~ a short memoir ~
- Late December, 2019
His large belly hangs over his knee-length shorts and he stands there, staring at me, as we wait for the elevator to arrive.
‘How’s your day been?’
His Canadian accent wanders through his full beard. My internal processors fail to generate a response. He seems to radiate as my gaze slides over this impressive example of manliness. Warmth blooms inside, joy smooths nerves.
‘Pretty good’, I reply, pupils dilating and voice deepening.
The elevator confirms my response with a cheery ‘ding’. The group of Australians waiting with us (I am always suspicious of coincidences. What’s the likelihood of all this happening off-season in Tokyo?) wander in. About three times my size, I follow my date through the doors, drinking in his pheromones and cologne. He positions himself across the elevator where he continues sizing me up.
No, that’s definitely a mutual sizing up.
‘Great day for it.’ Australians: always ready to interject with smart-arsery.
Through my swirling warm glow, my manners register a required response.
Manners certainly are a great social invention. ‘How’s ya day been?’ I can feel my face warm while the spectators smirk at the live theatre.
‘Things appear to be goin’ well’, one of the Ozzies offers. His left eyebrow rises with his intonation.
‘That they are’, replies my date, staring right at me.
¥ Error 404: brain not found.
> Syntax error.
>> This system has experienced terminal services failure.
>>> Attempting to restart user sandbox.
>>>> Restart failed.
¥ Restarting system.
The elevator doors open and the Ozzies leave us with an, ”Ava good noight!’
We close in on each other as the doors close.
Falling into him
Falling leaves at year’s end
Year’s end begins.
A leaf falls onto a pond
Sunlight falls upon the leaf.
- Mid-February, 2020
‘Hey sexy man, how you doin’?’ he says.
Driving home from work he calls every evening, his time. Just by chance, my morning classes finish as he begins his commute. Tuesdays I devote an hour to walking up the long slope to Takanawadai Station for our interactions.
‘Pretty good. I got some more of that ‘choose your own adventure’ story done. Wanna read it?’
‘Sure!’ His instant support is conveyed through the global telecommunications system.
‘I’ll send it to ya after I get home.’ My smile beams. He can’t see it, of course but it beams just the same. As an aside, a unique mannerism of someone who has begun integrating into Japanese culture is bowing while on the phone. It’s something I’ve done for years.
‘Cool. I’ll read it tonight.’
10,000 kilometres separate us but modern technology keeps us in contact. Buoyed by our connections, my stories continue flowing through my mind and out of my fingertips.
Writing about technology, philosophy, creating worlds in the future and the past, progressing each story separately but simultaneously: I’ve never felt this focus. I’ve never had someone focus on me. This is the first time in my life that I feel creatively alive.
‘How’s the apartment hunting going?’ I can already see the rooms in my mind, already see us living in and moving through them.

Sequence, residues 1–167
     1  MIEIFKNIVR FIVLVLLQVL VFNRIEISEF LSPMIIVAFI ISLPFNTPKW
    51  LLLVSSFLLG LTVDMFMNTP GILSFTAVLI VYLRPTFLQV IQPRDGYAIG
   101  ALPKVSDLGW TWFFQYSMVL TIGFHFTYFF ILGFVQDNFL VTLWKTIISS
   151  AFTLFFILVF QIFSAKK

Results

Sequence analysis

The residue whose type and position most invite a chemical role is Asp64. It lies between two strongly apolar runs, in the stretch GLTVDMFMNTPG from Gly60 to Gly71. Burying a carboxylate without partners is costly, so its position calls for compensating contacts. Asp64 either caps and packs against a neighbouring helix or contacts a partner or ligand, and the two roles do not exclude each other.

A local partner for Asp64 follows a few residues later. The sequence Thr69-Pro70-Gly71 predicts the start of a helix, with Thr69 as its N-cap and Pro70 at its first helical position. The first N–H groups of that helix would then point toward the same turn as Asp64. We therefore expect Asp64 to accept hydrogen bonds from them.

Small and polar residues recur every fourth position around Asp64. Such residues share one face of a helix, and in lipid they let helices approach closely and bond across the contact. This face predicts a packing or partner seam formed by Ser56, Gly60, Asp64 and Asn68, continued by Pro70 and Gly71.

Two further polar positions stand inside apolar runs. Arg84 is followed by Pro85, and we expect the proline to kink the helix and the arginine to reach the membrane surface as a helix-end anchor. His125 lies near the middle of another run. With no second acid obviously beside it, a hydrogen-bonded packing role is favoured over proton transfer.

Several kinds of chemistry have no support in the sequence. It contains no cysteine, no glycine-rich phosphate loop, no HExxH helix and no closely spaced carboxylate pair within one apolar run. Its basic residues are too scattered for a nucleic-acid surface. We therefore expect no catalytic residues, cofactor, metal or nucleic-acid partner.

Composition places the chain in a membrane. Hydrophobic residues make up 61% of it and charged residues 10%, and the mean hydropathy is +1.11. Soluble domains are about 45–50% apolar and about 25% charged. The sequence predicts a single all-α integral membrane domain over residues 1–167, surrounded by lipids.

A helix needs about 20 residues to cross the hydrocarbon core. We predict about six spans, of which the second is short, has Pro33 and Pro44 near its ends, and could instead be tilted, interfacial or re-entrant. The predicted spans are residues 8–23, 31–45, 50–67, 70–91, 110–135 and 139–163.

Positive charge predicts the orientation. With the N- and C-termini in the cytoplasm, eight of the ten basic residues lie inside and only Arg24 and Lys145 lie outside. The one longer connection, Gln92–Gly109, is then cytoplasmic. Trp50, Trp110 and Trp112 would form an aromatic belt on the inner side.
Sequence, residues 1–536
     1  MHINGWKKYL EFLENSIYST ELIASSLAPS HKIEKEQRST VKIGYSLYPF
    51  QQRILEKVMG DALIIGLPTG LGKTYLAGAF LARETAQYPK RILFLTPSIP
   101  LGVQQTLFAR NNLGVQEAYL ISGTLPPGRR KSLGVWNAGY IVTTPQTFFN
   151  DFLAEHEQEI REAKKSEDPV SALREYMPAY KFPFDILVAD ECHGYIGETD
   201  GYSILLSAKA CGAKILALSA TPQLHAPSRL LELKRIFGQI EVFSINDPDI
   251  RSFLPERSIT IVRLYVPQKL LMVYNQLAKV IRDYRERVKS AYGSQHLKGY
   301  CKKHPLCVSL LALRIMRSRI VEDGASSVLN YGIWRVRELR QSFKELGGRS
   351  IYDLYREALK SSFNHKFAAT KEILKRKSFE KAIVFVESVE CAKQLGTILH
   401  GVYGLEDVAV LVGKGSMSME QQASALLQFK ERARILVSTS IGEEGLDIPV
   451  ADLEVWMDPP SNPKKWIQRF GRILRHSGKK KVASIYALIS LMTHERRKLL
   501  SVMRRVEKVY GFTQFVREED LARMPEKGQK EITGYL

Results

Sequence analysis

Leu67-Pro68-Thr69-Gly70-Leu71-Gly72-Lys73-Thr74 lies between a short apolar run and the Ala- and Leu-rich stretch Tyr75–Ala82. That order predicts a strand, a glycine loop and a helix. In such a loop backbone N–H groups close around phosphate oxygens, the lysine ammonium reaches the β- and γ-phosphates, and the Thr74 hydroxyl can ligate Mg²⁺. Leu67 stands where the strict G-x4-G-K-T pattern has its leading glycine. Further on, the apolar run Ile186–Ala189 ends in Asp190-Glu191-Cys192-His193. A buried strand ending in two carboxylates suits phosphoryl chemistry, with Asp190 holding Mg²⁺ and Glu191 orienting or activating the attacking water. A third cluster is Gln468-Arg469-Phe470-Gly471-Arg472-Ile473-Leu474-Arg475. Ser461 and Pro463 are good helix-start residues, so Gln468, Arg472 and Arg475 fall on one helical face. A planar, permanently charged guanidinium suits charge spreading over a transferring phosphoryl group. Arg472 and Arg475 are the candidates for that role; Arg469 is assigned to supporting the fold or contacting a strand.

‘Yah I think the gay area downtown is best. We won’t need a car if we live there’, he says. We’ve been discussing what we want in a living space and how we will deal with each other. We mutually agreed on a gaming room and an apartment with two if not three sides with windows.
We plan for me to arrive by my birthday at the end of May. This will allow us the time to coalesce our lives. Nothing short of death or a global pandemic can foil our plans!
Early Spring breezes
Melt recent patches of snow,
Leaves blown in the wind.
A leaf buds on a high branch,
Vibrant green in the sunshine.
- Early April, 2020
The 1st of April used to be New Year in Japan. It is still the start of the school year and the time for many Spring festivals. I leave Japan at traditional New Year.
Some friends come with me to the airport, but one, an ex, takes us to the wrong terminal despite being Japanese: clumsy boy! There was no rush in the end as we wait two hours for boarding to start.
Canada is pre-dawn so no call.
My life is packed into two suitcases and my bike in a box on trolley wheels. The rest is in boxes in Tokyo Bay somewhere waiting to be put on a ship.
The fellow at customs takes 45 minutes explaining the dire consequences of re-entering the country with a permanent residency visa if I fill out the departure form incorrectly, then two airport staff whisk me past the darkened shops and all the way inside the plane.
‘Oh, can we get moved to first class?’ I eye the empty plane and the flight staff returns a look that could warp steel. I am about to be slapped.
The only other passenger is sat on the direct opposite side of the fuselage. Odd that in a crowded plane I never notice who sits where but this singular other is like a fingernail screeching down a blackboard the entire 9 hours of the flight.
The attendants rush through the safety dance.
Thousands of dollars lost and dozens of flights cancelled, this plane taxis onto the runway. Plan B was to stay in Japan and re-start my life and was looking increasingly likely. This global pandemic isn’t the same as 2002, it’s much worse. Trepidation fills me.
The seatbelt chime acknowledges my fear.
I never wanted to return to Australia and still don’t. Now I have the chance to revisit my past before my next adventure begins. Just a few months and I’ll be in Canada. I can be patient.
> Error 400: bad request.
>> User destination not found.
>>> Logic tree error.
>>>> Terminal reality crisis.
¥ Restarting system.
The plane surges forward and takes off. I hear his voice, ‘We’ve got this.’
Spring’s journey begins
But in the wrong direction.
Discord flows through me.
A leaf is blown in the breeze,
Up, alone, into the sky.